Early in the writing, I knew that I’d be sending Solimar on a journey down a perilous river by herself. I wanted her to have a pet confidante. At first, I tried the chachalaca, which is a pheasant-like bird and quite raucous, but it didn’t quite work on several levels. I came upon the resplendent quetzal and it fit. It was colorful and unusual—the male has a three-foot long tail, and it is revered. Lázaro was conceived and became the wise voice of reason, reminding Solimar of the rules and cautioning against danger. Then came Zarita. I’ve had muñecas de trapo, rag dolls from Mexico, in my office for years. They’re bright and cheerful with ribbon-looped hair. Zarita became Lázaro’s counterpart, providing a different voice—one of unabashed moral support and enthusiasm.

The story opens with Solimar preparing to celebrate her Quinceañera, and it is an integral part of her Mexican heritage. Did you have a Quinceañera and if so, did your experience inform how you wrote about Solimar’s coming of age?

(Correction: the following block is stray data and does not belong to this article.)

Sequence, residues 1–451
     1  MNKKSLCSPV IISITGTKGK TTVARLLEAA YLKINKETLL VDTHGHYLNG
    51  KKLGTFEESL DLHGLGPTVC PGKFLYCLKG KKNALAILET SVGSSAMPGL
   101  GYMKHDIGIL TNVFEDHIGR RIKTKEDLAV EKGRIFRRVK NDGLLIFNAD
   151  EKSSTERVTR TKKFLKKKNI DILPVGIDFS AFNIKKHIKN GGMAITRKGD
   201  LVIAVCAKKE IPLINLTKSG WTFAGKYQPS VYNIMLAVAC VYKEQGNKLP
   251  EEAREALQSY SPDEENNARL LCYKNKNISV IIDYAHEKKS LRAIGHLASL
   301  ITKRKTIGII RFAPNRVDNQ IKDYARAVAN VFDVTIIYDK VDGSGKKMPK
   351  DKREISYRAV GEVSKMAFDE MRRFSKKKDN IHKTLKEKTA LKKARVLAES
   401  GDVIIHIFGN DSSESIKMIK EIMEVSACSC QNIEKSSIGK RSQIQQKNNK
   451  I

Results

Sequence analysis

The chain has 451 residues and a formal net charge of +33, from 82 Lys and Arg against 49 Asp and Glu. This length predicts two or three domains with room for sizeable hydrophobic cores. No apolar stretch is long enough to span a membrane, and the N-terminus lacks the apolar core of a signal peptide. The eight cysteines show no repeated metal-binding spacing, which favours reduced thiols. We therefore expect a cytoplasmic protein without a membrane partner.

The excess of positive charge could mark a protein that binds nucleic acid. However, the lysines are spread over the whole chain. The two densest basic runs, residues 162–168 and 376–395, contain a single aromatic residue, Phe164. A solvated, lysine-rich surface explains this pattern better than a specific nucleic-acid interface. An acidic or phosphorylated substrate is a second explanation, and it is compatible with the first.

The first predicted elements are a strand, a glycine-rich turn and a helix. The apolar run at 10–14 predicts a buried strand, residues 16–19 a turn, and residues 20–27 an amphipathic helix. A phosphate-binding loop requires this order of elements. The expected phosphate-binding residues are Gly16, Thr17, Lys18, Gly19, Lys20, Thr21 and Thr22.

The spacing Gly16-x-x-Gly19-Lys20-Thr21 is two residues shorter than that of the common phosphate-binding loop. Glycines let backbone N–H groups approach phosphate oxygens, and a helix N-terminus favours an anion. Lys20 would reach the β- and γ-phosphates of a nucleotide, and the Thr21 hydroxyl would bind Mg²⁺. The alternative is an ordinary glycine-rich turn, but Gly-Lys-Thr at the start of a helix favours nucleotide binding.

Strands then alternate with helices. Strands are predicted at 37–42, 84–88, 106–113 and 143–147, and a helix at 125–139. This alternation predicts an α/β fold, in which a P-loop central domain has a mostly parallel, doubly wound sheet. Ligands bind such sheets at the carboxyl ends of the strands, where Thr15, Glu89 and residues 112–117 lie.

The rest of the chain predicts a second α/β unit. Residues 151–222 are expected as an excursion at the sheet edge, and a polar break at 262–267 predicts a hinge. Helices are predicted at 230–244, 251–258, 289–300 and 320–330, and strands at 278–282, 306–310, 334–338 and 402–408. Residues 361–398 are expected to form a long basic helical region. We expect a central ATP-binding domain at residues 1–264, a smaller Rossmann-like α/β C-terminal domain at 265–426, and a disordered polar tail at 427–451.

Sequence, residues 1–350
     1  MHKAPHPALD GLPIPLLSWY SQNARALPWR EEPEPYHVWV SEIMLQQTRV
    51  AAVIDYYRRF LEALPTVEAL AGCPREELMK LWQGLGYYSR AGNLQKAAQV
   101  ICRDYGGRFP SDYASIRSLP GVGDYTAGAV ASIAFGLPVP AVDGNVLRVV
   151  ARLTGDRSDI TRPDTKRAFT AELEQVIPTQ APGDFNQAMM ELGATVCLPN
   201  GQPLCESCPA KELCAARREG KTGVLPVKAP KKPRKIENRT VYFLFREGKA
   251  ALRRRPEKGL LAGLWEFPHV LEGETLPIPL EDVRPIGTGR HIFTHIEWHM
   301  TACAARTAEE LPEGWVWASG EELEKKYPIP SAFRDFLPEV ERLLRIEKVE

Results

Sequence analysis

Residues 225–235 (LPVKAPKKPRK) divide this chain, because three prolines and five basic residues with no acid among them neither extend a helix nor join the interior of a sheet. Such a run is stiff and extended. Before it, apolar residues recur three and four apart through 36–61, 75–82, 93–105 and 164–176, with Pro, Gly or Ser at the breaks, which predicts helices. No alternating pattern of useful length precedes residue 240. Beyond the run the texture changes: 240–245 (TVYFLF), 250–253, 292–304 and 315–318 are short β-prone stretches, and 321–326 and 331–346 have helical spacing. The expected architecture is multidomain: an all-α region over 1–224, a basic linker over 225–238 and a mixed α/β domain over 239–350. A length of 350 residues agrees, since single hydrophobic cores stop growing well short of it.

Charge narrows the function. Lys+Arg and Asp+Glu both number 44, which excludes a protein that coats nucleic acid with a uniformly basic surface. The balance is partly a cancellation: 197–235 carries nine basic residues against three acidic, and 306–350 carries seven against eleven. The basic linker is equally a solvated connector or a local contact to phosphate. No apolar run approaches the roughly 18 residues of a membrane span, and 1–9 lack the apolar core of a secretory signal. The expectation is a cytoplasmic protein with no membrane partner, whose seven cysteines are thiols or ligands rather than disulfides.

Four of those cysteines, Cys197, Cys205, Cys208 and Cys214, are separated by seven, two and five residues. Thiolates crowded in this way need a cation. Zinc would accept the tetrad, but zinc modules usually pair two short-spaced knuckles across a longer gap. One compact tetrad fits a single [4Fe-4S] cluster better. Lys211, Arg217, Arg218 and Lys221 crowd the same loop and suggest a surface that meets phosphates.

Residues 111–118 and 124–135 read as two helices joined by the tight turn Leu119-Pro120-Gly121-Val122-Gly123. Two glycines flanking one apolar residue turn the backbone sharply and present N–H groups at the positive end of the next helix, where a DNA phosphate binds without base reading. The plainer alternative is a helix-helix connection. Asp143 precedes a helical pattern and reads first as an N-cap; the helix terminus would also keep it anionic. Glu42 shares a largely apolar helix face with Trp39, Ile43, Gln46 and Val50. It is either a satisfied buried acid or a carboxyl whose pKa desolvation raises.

The celebration is much more prevalent in Mexico. I didn’t have one, or know anyone who did. My grandmother came to the United States in the 1930s and her children were growing up in the 40s and 50s. At the time, the socially appropriate practice for most immigrants was assimilation—only embracing American ways, only speaking English unless at home, and leaving Mexican traditions behind. It was the same for many families from other countries as well. As the next generation, I wasn’t aware of events like a Quinces. I have to admit, I did live vicariously, just a little, through Solimar’s celebration.

Solimar’s bond with her abuela is a deep and important one. What was compelling to you about writing their relationship?

Many of my stories have grandparents in them. I’m sure it stems from my own childhood and being close to both of my grandmothers. My Mexican grandmother, Esperanza, lived around the corner, and I saw her almost daily. And as a family, we saw my dad’s mother, Grace, every Saturday without fail. In Solimar’s story, it also felt culturally appropriate to have Abuela live with them and have a respected position and presence in the family. I love, too, that grandparent characters provide an avenue to share wisdom, different perspectives, and family history and secrets, sometimes becoming a conspirator in the child’s life.